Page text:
The collaboration on “The Rime of the Ancient Mariner” is interesting on several counts. It underlines the collective enterprise involved in the inauguration of the new poetic idiom which would eventually be called Romantic. Creation of this kind is more than a matter of oracular power. It has much to do with rational inquiry and exchange. Further, the episode gives some idea of the working relations between Coleridge and Wordsworth at the moment when the scheme for Lyrical Ballads (1798) was being hatched. Their constant companionship on walks, at Alfoxden and elsewhere, gave rise to extended discussion of poetry present and past. Both proved open to suggestion; both grew as poets through their conversations. Most of what is known of this process is shown through the Lyrical Ballads volume and its later “Preface.” The conclusions which it expresses, in Wordsworth’s voice more than Coleridge’s, have long been seen as foundations of modern poetry. (William Wordsworth: The Poetry Foundation)
Despite the problems, the poem flourished on the basis of strong local effects—of its pictures of the “land of ice and snow” and of the ghastly ship in the doldrums, in association with a drumming ballad meter. Wordsworth frankly disliked it after the reviews came in, but Lamb led the way in appreciating its odd mix of romance and realism. It is perhaps as a poem of pure imagination [….] it bears comparison with “Kubla Khan”; they are usually classified, with Christabel, as poems of the supernatural. All answer to the formula proposed for Coleridge’s contributions to Lyrical Ballads: supernatural, or at least preternatural, phenomena dignified by association with a human voice. For most readers this is the line of Coleridge’s verse that has mattered. Whatever their liabilities of dramatic construction, the highly charged imagery of these poems has made a strong impression. Its influence rings clear in Shelley and Keats in the next generation, and in Tennyson, Browning, Rossetti, and Swinburne among their Victorian inheritors. In the title of W. H. Auden’s Look, Stranger! (1936) the echo of the Mariner’s exhortation, “Listen, Stranger!,” from the text of 1798, shows how far Coleridge’s oracular voice would carry. (William Wordsworth: The Poetry Foundation)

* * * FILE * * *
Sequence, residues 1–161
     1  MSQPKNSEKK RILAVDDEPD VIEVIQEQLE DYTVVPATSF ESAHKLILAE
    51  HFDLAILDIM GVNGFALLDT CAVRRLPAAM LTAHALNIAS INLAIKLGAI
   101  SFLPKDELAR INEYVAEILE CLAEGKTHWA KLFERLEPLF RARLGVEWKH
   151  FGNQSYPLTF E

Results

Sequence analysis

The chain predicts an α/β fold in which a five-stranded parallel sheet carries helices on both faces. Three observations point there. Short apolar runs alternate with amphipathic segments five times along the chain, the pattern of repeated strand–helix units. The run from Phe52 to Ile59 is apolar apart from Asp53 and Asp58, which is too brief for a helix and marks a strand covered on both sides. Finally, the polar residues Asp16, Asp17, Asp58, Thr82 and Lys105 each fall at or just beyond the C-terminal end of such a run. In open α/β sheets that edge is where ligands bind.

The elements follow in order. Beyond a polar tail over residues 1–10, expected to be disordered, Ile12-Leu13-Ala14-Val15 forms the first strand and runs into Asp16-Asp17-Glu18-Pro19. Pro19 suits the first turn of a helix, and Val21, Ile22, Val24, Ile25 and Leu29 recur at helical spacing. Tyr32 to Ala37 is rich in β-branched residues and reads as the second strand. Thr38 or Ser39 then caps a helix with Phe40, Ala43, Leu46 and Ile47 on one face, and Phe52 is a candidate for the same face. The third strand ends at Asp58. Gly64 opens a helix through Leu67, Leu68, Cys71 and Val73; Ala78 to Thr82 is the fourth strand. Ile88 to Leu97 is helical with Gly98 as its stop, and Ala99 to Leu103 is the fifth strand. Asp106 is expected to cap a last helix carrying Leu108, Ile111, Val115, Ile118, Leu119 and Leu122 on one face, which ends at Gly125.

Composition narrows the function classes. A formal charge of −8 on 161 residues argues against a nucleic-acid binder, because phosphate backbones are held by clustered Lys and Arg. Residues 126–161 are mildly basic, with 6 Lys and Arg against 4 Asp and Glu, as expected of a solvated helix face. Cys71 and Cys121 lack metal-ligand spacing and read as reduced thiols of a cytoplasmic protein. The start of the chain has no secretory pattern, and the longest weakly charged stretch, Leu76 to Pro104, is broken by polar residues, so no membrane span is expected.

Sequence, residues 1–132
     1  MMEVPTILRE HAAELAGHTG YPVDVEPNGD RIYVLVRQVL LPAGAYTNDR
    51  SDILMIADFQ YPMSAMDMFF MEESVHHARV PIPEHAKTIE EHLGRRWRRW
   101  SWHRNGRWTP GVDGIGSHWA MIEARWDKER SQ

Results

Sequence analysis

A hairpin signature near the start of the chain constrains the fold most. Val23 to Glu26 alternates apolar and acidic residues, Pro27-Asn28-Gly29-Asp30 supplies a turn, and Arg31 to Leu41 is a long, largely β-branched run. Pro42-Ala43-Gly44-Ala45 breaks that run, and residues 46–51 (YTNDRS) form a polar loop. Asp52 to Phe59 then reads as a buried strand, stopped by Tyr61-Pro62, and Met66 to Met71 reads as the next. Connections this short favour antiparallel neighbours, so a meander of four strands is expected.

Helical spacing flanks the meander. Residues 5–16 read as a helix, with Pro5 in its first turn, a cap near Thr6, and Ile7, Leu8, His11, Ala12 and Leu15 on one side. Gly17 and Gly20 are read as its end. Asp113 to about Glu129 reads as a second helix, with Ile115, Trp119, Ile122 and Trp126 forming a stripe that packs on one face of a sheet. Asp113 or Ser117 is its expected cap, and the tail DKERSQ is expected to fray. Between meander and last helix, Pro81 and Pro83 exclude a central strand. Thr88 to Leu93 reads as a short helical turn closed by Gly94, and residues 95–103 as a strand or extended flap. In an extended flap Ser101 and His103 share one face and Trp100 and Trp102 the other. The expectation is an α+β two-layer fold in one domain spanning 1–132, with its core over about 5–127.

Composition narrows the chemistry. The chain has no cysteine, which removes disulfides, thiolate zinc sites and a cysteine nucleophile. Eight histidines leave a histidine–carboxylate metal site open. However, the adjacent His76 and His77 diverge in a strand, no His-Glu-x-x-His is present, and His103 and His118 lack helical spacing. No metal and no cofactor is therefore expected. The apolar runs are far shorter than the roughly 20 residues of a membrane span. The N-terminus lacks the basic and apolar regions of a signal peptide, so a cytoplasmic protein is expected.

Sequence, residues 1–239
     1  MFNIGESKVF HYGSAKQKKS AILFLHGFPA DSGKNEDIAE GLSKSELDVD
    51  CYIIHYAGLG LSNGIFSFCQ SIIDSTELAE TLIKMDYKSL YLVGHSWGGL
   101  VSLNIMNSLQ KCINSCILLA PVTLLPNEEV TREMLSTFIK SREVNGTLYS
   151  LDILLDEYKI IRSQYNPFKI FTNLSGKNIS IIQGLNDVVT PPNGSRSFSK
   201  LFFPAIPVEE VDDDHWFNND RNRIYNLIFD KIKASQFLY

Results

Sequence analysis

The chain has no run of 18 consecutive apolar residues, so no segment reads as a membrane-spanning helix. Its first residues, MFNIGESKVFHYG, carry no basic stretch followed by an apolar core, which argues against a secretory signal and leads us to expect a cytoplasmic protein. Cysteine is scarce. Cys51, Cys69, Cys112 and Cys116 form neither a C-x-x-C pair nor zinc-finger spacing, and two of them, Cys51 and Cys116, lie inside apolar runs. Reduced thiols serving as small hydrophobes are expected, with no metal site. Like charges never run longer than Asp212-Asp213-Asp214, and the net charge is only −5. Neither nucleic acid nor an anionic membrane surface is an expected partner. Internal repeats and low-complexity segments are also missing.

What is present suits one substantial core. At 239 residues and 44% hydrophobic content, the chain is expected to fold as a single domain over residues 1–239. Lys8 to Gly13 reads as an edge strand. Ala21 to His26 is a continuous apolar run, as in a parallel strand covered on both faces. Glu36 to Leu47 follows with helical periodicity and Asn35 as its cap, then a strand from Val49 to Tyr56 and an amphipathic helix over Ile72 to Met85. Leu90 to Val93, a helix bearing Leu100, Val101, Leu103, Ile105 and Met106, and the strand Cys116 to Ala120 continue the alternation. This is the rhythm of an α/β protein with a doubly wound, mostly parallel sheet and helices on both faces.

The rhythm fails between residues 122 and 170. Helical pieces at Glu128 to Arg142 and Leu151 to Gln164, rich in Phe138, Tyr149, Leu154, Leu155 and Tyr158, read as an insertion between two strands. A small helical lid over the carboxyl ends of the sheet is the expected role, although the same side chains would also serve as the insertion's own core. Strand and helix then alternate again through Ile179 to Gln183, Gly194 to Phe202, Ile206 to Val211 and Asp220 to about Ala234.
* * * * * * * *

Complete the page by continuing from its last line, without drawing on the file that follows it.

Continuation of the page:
Andrew Mitchell, in his article “On the Road to Pantisocracy” published online in The Fortnightly Review (www.fortnightlyreview.co.uk/2011/01/) writes that
There were twenty-three poems in the first edition  of the Lyrical Ballads. Of these, nineteen were by Wordsworth and four by Coleridge. Coleridge allowed his Ancient Mariner to front the anonymous publication, along with three other poems. These took up in total seventy pages out of two hundred and ten. Wordsworth included The Idiot Boy, The Thorn and Tintern Abbey. Despite the fact that Dorothy had some influence on the development of Coleridge’s Christabel and that the printer had already prepared some pages for press, there was a letter from Wordsworth unilaterally cancelling its publication in the Lyrical Ballads. Coleridge was left with a weakened third volume of poems going out under his own name, which received some praise. He would have to wait a further nineteen years before the various strands of his writing were brought together in published form in Sibylline Leaves. Coleridge was himself to comment on his contribution to the Lyrical Ballads, ‘..my compositions, instead of forming a balance, appeared rather an interpolation of heterogeneous matter.’ By the year 1800 and the second edition of the Lyrical Ballads, Wordsworth was firmly in control. Names of authors appeared with each of the poems. Coleridge’s Mariner was relegated from the front of the book and contained a footnote which some critics believe Coleridge did not see before publication, indicating that Coleridge wanted the poem suppressed and that it had ‘great defects’; having an indistinct character who is only acted upon, events with no necessary connection, laborious imagery and a metre unfit for a long poem. (Mitchell, “On the Road to Pantisocracy”)